Tens of thousands of North Carolina residents convicted of felonies but whose current punishments don't include prison time can register to vote and cast ballots, a judicial panel declared Monday.
Several civil rights groups and ex-offenders who sued legislative leaders and state officials in 2019 argue the current 1973 law is unconstitutional by denying the right vote to people who have completed their active sentences or received no such sentence, such as people on probation. They said the rules disproportionately affect Black residents and originated from an era of white supremacy in the 19th century.
In a brief hearing following a trial last week challenging the state's voting restrictions upon felons, Superior Court Judge Lisa Bell said two judges on the three-judge panel have agreed they would issue a formal order soon allowing more felony offenders to vote. The judges are acting before issuing a final ruling from the trial, as voting in October municipal elections begins next month.
An expert for the plaintiffs estimates roughly 56,000 people would now be allowed to vote. One lawyer said it represents the largest expansion of North Carolina voting rights since 1960s.
“When I heard the ruling, I wanted to run in the street and tell everybody that now you have a voice,” said Diana Powell with Justice Served NC, a Raleigh-based community group that sued. “I am so excited for this historic day.”
Current law says felons can register to vote again once they complete all aspects of their sentence, including probation and parole. With Bell's ruling, felons who only must complete these punishments that have no element of incarceration can register again. The decision also would apply to people convicted of a federal felony but whose current punishment is only probation.
A lawyer for House Speaker Tim Moore who is a defendant along with Senate leader Phil Berger and the State Board of Elections, said an appeal to block the panel's preliminary injunction will be filed.
Moore attorney Sam Hayes called Monday’s decision an “absurd ruling that flies in the face of our constitution and further casts doubt on election integrity in North Carolina.”
The defendants also could appeal any final ruling from the trial judges that expands restored voting rights moving forward to the 2022 elections, which include a U.S. Senate seat. An uptick in voter rolls stands to affect races in the closely partisan-divided state. There are 7.1 million registered voters in North Carolina.
Last year, the same judges ruled a portion of the law requiring felons to pay all monetary obligations — likes fines and restitution — before voting again was unenforceable because it made voting dependent on one’s financial means. That allowed more people to vote in last November’s election.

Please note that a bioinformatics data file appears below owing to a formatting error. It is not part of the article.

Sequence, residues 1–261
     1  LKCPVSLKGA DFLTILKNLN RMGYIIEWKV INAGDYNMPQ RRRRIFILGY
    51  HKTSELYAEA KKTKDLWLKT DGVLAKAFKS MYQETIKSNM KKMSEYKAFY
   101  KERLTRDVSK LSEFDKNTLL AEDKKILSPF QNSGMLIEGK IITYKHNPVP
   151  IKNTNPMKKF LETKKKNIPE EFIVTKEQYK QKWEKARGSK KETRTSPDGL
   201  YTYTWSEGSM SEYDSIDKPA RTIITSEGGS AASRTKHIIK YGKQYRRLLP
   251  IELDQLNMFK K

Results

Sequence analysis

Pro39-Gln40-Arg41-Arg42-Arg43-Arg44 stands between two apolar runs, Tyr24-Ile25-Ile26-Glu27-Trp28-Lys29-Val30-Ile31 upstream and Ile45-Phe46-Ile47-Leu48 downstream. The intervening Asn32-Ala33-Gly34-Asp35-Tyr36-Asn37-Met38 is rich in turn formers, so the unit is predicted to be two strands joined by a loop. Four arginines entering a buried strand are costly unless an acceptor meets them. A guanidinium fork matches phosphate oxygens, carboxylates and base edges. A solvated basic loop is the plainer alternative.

Now, “if a person can just say, ‘I am not in jail or prison for a felony conviction,’ then that person can register and they can vote freely,” said Stanton Jones, one of the plaintiffs’ lawyers.
Bell, the panel's chief judge, said Monday that the majority's reasoning for the injunction would be explained in their order. The state election board said Monday was its deadline to change registration forms for the fall election, and that county boards will begin helping these individuals register.
Dennis Gaddy, co-founder of Community Success Initiative, a Raleigh-based organization and another plaintiff, said a registration drive would begin immediately.
“The wait is over, and I’m excited to be a part of this transformation,” said Gaddy, who was once behind bars and unable to vote for seven years after his release because he was on probation.
The current North Carolina Constitution forbids a person convicted of a felony from voting “unless that person shall be first restored to the rights of citizenship in the manner prescribed by law.” The 1973 law, approved by a Democratic-controlled General Assembly and written in large part by Black legislators, eased restoration requirements.
A plaintiffs’ witness testified last week that felony disenfranchisement had origins from a Reconstruction-era effort to intentionally prevent Black residents from voting. Today, more than 42% of the felony offenders on probation or supervision and who are disenfranchised are Black, according to a court document.
An attorney for legislative leaders acknowledged in a brief that for much of the state’s history, felony disenfranchisement was used to exclude African Americans from voting. But they say there's no evidence the 1973 law was motivated by discriminatory intent — rather, it treats all felony offenders the same.
Sen. Warren Daniel of Burke County, a top Republican on election issues, portrayed the upcoming order as judicial overreach: “If a judge prefers a different path to regaining those rights, then he or she should run for the General Assembly and propose that path.”
Twenty states automatically restore voting rights for convicted felons when they are released from prison, while about 15 states restore those rights upon completion of their sentence, including probation and parole, according to the Brennan Center for Justice.